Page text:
Always search by the debtor’s correct legal name. This is an absolute necessity, and can often be quite complicated. Also, it is strongly recommended that you search under any former names that a debtor may use. Even though the entity may no longer operate under those names, there may be active filings under the former names.
For a complete search, we recommend searching for additional types of liens beyond UCC.
- UCC liens – This search will look for any UCC filings that may have been filed by another secured party.
- Federal tax liens – Federal tax liens are also known as IRS tax liens.
- State tax liens – State tax liens can include employment tax liens from the state.
- Judgment liens – Judgment liens are filed as the result of a judgment from a court case.
- Litigation searches – This type of search will look for any open/pending suits involving your debtor. The outcome of the case may affect your lien position. Litigation searches are done at the federal and state/county level.
Some service providers offer different types of search packages, for example, the four-part search, which includes UCCs, federal tax liens, state tax liens, and judgment liens. This four-part search is performed at the county level in addition to a state UCC search.
What is the importance of searching for other lien types? In general, a four-part search should be part of any thorough due diligence investigation, and is critical to the “discovery” process. Can you imagine going to a closing having conducted only a UCC search, only to find after the closing that a tax lien was on the property just acquired?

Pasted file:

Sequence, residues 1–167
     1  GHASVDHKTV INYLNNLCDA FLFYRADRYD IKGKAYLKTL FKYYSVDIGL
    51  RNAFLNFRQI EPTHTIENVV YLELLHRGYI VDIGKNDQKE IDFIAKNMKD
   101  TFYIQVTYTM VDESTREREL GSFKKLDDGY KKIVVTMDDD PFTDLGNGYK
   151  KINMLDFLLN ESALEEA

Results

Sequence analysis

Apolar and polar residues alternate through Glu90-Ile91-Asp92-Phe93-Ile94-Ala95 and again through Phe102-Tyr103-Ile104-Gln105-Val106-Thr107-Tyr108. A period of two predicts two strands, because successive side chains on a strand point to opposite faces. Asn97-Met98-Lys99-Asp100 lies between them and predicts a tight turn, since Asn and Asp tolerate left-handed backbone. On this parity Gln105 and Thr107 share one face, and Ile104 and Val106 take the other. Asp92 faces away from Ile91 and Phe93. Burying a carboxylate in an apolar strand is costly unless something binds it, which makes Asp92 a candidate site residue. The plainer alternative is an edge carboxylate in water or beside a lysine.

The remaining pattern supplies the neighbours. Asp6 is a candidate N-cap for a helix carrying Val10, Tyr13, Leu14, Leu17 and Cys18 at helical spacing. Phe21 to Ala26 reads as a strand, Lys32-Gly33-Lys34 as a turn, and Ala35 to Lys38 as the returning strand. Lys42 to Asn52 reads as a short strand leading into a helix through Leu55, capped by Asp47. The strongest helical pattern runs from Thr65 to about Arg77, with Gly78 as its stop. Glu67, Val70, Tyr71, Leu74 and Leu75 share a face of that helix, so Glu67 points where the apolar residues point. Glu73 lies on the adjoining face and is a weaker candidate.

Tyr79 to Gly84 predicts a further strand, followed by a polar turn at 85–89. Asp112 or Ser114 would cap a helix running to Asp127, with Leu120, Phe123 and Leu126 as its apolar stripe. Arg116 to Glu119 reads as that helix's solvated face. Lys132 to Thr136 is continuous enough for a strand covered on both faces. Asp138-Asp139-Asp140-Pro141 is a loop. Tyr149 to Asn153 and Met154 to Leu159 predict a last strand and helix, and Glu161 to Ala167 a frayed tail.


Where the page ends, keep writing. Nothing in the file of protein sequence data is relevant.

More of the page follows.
With tax liens, the lien follows the property. The acquiring party has just acquired the lien. Note also that tax liens and judgment liens differ from UCC liens.
UCC liens are consensual in nature; many healthy, thriving businesses have UCC liens on their personal property. A UCC lien is public notification that a debtor has agreed to the secured party putting a lien on property to ensure their interest in that property.
Tax liens and judgment liens, however, are not consensual. If a tax lien is put on an individual or business’s property, it represents non-payment of taxes by that entity. If a judgment lien has been put on that entity’s property, a judgment has been rendered against the party. This is definitely information you would want to have in-hand upon completion of your search.
What is the importance of searching for pending litigation and judgments? Again, a litigation search should be a part of any thorough due diligence investigation, and is critical to the “discovery” process.
As mentioned before, there may be active cases pending against the debtor in a transaction. The outcome of these cases may have a significant bearing on the position of the debtor or the value of its assets. Moreover, litigation can be a hidden threat, since there may not be a lien filed in conjunction with the final judgment. Searching in the courts is the only way to be aware of the cases.